by Steve Haner
Dominion Energy Virginia’s knowing participation in an effort to suppress the November 2 vote, aimed mainly at Western Virginia Republicans, is a truly despicable act. It should enrage all Virginians, without regard to party. This is a state-created and regulated monopoly and the $200,000 it spent on this underhanded activity was provided by captive customers.
I further assert that in previous election cycles, as heavily as Dominion funded various candidates, this type of expense would not have been approved by the management, including the late Thomas Farrell. But Farrell is dead and the political deciders at the top now are both long-time partisan Democrats who fully understood they were paying for voter suppression.
I would be expressing no anger whatsoever if Dominion had merely donated $200,000 directly and openly to Democratic candidate Terry McAuliffe. It would have been a logical move to support a former governor who strongly backed its failed natural gas pipeline project, and now has pledged to deeply enrich the company by accelerating the transition to unreliable renewable generation instead.
McAuliffe is nothing if not flexible. I used another word to describe his subservience to Dominion on Twitter yesterday and got blocked for 12 hours.
On the other hand, Republican candidate Glenn Youngkin has expressed dismay with the 2020 Virginia Clean Economy Act (VCEA) and is willing to consider major amendments or even its repeal, as part of his overall campaign theme of lowering future consumer costs. Dominion has great financial incentive to prevent Youngkin’s election.
When the digital ads paid for by something called Accountability Virginia PAC began to appear, seeking to dissuade Virginians who consider gun rights a key issue from supporting Youngkin, the red flags went up immediately. It was fairly easy for media outlets to prove it was a false flag operation undertaken by a group of Democrats seeking to weaken Youngkin’s rural turnout. Axios, for one, reported the deception on September 28 under the headline “Dem’s Sneaky Sabotage.”
Then recent financial reports revealed Dominion’s $200,000 in donations to Accountability Virginia PAC, which it happily confirmed. Just how much the group has really raised and spent, and from whom else, won’t be known until after the votes are counted. This is just one more example of Virginia’s pathetic disclosure and ethics rules, protected by incumbents of both parties.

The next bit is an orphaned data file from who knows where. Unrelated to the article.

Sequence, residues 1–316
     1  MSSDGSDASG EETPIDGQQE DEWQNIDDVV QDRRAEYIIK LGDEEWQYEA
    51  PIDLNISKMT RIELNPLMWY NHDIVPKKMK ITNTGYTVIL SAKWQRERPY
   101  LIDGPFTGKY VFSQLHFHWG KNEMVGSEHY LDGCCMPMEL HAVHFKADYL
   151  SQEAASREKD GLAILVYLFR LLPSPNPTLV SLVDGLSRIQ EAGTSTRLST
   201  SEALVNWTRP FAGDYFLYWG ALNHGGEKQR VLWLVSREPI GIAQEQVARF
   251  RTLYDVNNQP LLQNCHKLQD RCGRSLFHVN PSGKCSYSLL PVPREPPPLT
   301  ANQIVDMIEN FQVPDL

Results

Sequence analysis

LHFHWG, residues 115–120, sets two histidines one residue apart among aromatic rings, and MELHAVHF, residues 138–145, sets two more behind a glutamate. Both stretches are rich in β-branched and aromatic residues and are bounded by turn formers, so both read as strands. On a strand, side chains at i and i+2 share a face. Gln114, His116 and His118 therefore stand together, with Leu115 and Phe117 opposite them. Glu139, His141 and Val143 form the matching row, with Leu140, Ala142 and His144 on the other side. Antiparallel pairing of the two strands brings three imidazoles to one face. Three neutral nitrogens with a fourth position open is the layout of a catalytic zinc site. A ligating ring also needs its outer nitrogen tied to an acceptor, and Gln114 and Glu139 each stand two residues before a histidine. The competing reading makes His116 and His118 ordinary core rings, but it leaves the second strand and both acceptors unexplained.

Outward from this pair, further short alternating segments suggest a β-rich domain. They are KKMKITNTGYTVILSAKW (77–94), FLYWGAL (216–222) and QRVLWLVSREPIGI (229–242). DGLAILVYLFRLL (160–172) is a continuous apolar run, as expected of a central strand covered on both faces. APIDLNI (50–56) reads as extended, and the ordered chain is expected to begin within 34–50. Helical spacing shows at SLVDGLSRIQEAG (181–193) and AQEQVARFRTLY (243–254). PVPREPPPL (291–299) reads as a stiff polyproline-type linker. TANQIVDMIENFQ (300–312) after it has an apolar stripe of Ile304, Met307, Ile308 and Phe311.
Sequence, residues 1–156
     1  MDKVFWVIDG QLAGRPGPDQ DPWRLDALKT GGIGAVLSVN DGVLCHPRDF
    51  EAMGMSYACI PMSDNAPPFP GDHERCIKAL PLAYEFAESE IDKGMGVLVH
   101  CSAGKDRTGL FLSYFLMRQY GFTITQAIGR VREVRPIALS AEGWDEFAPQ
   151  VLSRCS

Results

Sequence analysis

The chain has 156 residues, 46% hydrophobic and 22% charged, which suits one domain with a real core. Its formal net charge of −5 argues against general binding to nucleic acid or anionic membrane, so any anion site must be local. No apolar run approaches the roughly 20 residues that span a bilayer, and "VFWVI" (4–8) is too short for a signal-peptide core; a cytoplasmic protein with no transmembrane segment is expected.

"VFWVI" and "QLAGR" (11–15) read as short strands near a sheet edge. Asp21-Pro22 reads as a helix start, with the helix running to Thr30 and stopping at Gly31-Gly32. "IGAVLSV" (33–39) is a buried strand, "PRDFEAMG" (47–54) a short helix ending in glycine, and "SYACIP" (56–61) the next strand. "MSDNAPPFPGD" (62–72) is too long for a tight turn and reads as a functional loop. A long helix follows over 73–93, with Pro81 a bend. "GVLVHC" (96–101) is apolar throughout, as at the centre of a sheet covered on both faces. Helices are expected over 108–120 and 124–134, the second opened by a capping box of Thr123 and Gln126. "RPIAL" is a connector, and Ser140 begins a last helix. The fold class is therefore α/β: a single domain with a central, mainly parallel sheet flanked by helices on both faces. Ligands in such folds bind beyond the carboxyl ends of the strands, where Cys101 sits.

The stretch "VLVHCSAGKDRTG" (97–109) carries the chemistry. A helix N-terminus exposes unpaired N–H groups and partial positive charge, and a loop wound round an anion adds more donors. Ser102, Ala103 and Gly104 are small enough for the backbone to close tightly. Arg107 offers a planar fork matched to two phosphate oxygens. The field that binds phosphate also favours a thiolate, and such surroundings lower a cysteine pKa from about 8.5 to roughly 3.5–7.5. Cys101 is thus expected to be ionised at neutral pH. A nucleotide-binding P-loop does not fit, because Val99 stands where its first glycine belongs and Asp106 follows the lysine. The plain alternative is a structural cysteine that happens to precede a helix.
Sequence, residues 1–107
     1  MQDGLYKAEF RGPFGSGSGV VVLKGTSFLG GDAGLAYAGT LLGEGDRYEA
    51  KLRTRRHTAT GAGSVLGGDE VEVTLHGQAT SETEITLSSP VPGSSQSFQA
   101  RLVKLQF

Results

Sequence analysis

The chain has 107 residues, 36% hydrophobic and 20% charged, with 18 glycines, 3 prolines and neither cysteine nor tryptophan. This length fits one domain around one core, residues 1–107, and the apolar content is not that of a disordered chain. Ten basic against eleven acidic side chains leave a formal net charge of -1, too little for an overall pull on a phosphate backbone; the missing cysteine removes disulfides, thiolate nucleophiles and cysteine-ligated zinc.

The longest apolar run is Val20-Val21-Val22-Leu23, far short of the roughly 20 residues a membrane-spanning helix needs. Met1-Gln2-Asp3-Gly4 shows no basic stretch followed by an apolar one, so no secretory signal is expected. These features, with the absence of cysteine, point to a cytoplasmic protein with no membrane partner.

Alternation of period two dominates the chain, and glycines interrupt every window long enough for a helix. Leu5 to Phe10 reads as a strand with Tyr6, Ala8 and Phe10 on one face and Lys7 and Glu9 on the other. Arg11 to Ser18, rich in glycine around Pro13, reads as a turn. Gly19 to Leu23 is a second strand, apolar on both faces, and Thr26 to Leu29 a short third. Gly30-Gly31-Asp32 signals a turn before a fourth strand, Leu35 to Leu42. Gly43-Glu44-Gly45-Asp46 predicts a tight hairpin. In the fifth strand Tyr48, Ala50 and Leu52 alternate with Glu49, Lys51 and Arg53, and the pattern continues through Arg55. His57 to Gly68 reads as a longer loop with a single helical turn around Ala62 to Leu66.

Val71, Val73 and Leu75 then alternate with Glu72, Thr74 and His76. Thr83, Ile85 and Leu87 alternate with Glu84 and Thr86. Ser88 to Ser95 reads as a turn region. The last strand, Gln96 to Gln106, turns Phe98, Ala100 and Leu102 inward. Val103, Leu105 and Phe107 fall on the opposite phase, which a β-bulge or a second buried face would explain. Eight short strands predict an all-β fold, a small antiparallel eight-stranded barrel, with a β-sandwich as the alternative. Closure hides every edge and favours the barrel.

Think about it: An electric utility funding campaign messages that seek to prevent any regulation of guns, that criticize a Republican for being insufficiently committed to a purist interpretation of the Second Amendment. An electric utility taking a dollar from a ratepayer and using it to persuade that same ratepayer to not vote. Only in Virginia….
The claim will be made that Dominion was spending “shareholder dollars” rather than “ratepayer dollars.” It funds political contributions out of its profits. This, too, is a convenient deception. Those profit dollars were initially provided by the customers and represent the portion of revenue the corporation is allowed to keep. This is one more sign that Dominion’s authorized return on equity, protected by a General Assembly corrupted by Dominion money in their own campaigns, is way too high.
The excessive profits, one of the highest margins around for a regulated utility, also fund things like the hiring of former legislators at nearly $100,000 for one legislative session of lobbying, regular annual large payments to a Democratic-connected “journalist” writing editorials on Virginia political subjects, and millions and millions of strategic donations to charities and political caucuses.
That’s how Attorney General Mark Herring can claim he refuses their contributions yet benefits greatly as money flows from Dominion to the Democratic Attorney Generals Association, which then gives money to him in his primary and general campaigns. He is charged by law with protecting consumers but takes money from those he would protect us from. At least Democratic lieutenant governor nominee Hala Ayala took the Dominion dollars openly and directly, trashing her own promise not to.
Adding to the irony, in general Virginia’s Democrats have been more likely to actually decline Dominion support or at least pretend to do so. Many Republican legislators are happy to line up for the dollars and then deliver the votes when needed. Yet here they see the company rewarding their loyalty.
In a similar vein, the various progressive groups that love to rail against Dominion will totally ignore this situation and remain steadfast McAuliffe voters. The contention is an act. Their interests totally align now with the company’s intentions to build a vast offshore wind complex, blanket Virginia’s rural countryside with solar panels, and drive up consumer bills to force conservation. The company for its part will love a world where all the cars, furnaces and lawn mowers are electric.
The end justifies the means is not a new attitude in Virginia politics. It is just a shame it has reached the state’s most important C Suite.